An alternative remedy would be to have six different classes of share. The A share would be held by the lessee of the most valuable flat, with its value attributed only to that share and the reversion thereto, and the B share held by the lessee of the next most valuable flat, and so on.
If the ‘alphabet share’ idea is adopted instead, the extending lessee would receive the whole £80,000 as a dividend, virtually extinguishing the value of his share, which would now only reflect the value of the reversion to his new lease.
Purchasing the freehold
If the lessees are made better aware of the tax effect of the current structure, they (or a majority of them) might consider exercising their right to buy the freehold. To achieve this, there are similar tax effects to those that arise when extending their leases. Unless the amount involved is exceptionally large (when divided by the number of flats in the block), there should not be any stamp duty land tax payable (see Finance Act 2003 s 74).
The company will normally have a chargeable gain and a corporation tax liability, however. Having disposed of the freehold, the company can be wound up and its net assets distributed to the lessees/shareholders, who themselves will normally have a chargeable gain subject to capital gains tax at up to 20%. This distribution would be to all the lessees/shareholders, not just those involved in the purchase of the freehold. And, unless the ‘alphabet share’ idea has been followed, any distribution would be shared equally, not in proportion to the value of individual flats.
For example, the purchase might be made by the majority of the lessees – say, eight out of ten. The company’s surplus after tax would then be distributed to all ten lessees/shareholders. Suppose the freehold is bought for £1 million and the company’s chargeable gain is £900,000. Its corporation tax liability is 19%, amounting to £171,000. Expenses might be another £9,000, leaving £820,000 to be distributed to the shareholders in a winding-up, amounting to £82,000 for each. The eight lessees who now own the freehold as tenants in common can happily grant themselves longer leases for no consideration, but the other two would have to pay the same premium to their eight neighbours for any extension that they would have had to pay to the company.
Lessees might be tempted to suggest that these tax issues would disappear if the company retained the freehold and nothing were paid for such lease extensions – ‘After all, we own the company, so why charge ourselves?’ If that happens, the tax problems become even greater.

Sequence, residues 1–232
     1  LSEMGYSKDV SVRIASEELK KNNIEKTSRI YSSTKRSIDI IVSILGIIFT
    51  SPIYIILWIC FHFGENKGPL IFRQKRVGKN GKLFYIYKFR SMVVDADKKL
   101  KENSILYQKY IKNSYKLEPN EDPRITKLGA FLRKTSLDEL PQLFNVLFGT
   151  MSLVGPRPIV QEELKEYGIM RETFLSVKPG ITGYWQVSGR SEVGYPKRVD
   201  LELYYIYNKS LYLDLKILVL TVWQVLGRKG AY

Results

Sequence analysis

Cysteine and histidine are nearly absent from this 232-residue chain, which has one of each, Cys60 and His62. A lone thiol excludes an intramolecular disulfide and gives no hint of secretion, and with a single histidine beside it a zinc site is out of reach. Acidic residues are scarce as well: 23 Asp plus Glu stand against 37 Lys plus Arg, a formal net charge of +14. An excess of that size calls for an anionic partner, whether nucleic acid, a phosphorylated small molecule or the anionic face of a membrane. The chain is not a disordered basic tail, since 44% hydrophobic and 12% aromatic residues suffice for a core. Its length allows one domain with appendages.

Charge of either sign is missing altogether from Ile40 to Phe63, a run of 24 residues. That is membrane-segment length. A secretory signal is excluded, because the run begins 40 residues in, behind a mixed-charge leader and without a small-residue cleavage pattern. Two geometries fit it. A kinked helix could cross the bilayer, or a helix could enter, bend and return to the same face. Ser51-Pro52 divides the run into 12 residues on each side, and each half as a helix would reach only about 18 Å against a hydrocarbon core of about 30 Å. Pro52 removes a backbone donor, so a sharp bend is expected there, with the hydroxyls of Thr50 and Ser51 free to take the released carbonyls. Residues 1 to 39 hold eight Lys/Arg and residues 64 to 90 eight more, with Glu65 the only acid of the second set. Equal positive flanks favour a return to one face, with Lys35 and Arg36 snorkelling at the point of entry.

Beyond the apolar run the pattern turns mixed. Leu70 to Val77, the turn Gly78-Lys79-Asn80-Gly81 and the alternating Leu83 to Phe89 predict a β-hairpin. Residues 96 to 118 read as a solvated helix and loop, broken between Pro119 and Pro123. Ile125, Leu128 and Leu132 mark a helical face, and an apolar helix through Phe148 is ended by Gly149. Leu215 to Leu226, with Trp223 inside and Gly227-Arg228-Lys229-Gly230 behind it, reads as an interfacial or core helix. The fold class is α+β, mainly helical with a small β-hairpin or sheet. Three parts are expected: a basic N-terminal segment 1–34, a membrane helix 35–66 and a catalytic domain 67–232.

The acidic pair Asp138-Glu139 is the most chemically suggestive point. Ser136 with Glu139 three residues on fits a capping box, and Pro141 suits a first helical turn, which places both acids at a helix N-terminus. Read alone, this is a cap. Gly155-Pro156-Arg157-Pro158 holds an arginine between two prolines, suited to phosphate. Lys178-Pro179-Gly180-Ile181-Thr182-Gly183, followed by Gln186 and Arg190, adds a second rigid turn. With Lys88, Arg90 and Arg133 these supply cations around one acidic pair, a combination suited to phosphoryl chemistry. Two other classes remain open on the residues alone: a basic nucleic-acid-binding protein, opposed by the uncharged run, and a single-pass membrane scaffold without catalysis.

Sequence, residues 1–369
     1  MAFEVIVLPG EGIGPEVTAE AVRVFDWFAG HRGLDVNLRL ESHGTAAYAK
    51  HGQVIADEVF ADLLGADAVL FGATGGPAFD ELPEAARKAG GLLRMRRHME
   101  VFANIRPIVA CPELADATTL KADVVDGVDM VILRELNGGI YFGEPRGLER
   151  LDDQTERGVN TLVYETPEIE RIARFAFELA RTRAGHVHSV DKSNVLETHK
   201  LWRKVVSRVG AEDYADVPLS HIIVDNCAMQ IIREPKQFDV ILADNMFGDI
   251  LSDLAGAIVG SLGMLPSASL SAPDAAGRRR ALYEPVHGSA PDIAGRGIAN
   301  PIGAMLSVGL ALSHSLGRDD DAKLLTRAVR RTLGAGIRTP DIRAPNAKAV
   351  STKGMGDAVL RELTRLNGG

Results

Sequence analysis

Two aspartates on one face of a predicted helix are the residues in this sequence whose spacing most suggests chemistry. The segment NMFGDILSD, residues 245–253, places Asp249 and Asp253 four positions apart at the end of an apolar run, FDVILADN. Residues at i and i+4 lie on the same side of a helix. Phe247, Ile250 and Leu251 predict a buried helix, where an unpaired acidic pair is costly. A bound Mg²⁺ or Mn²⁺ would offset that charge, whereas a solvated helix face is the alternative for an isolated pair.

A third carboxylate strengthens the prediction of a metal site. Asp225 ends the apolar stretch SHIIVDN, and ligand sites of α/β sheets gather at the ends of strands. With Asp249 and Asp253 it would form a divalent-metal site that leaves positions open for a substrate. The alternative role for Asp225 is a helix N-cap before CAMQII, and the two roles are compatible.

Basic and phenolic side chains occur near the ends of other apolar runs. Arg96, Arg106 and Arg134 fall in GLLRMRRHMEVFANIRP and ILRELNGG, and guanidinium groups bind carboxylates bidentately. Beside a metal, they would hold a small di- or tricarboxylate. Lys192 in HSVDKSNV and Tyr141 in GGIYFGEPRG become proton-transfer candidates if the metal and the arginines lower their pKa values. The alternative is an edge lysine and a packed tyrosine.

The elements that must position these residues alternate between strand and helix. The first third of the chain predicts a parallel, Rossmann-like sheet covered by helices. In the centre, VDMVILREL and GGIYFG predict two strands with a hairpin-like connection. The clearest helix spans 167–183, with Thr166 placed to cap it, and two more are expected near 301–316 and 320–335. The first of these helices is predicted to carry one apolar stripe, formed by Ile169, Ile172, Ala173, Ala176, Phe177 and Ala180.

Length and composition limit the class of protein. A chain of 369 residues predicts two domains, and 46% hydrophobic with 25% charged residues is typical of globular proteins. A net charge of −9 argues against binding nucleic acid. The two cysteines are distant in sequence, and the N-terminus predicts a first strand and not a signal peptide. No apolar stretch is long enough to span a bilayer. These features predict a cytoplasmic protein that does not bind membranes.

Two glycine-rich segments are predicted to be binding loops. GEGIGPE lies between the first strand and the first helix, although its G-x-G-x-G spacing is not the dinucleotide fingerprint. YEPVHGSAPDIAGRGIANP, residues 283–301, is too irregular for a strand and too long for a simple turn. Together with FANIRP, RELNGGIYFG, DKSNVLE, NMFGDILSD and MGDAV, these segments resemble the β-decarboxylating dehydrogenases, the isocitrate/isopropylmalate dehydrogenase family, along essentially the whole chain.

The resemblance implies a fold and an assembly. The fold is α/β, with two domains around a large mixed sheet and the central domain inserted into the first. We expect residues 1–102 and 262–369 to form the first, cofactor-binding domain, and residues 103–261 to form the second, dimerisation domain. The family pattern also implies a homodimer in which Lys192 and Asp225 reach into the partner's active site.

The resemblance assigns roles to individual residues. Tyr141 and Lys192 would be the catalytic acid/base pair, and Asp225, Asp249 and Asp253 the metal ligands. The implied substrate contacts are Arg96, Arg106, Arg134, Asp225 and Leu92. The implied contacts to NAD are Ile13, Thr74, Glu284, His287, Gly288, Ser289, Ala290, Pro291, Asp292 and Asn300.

For tax purposes, the open market value would be involved. The market values for tax purposes would be more than the price determined under the Leasehold Reform, Housing and Urban Development Act 1993, as that only applies to leaseholders of at least two years’ standing and reflects a share in the ‘marriage value’. Others would have to pay more.
The lessees would be treated as disposing of their existing leases at market value and acquiring the new leases at their greater value. The unpaid difference would be subject to income tax, either as a benefit in kind if they are directors, or treated as if it were a dividend under Corporation Tax Act 2010 s 1064. If the unpaid difference is treated as employment income, the company would have a liability for Class 1A NIC at 13.8%.
The company would have a liability for corporation tax anyway, with no cash available.
If this were after March 2023, the small profits rate of 19% might not be available. If the company is a ‘close investment-holding company’ (under Corporation Tax Act 2010 s 34), the corporation tax rate would be 25%. The company would be caught if it is ‘connected’ with the lessees (see s 34(3)).
An individual is ‘connected’ with a company if, together with those connected with him or her, such as relatives, etc., the individual controls the company (see Corporation Tax Act 2010 s 1122). Certainly, if most of the individual lessees of flats in a block owned by a company are related to one another, each lessee will ‘control’ the company and will therefore be connected. In addition, even if the lessees are not related, any two or more persons acting together to secure or exercise control of a company are connected with one another, and each is therefore connected with the company.
However, it is thought that HMRC doesn’t take this as applying to the typical situation of a company owning the freehold of a block of flats, whose members are the lessees of those flats. In any case, the extra-statutory concession D39 would not be available, resulting in possible capital gains tax liabilities for the lessees. Clearly, this is not an advisable route.
Although it will rarely apply, one should also recognise the possible relevance of the annual tax on enveloped dwellings (ATED). Corporate lessees of flats of sufficient value should already be aware of any ATED responsibilities. Less obvious is the situation where an individual lessee is ‘connected’ with the company owning the freehold of his flat, as considered above.
ATED applies if the property is worth more than £2 million and the company’s interest is worth more than £500,000 or the property is worth £2 million or less and the company’s interest is worth more than £250,000. The values referred to are normally those at 1 April 2017 or subsequent acquisition (see Finance Act 2013 s 110).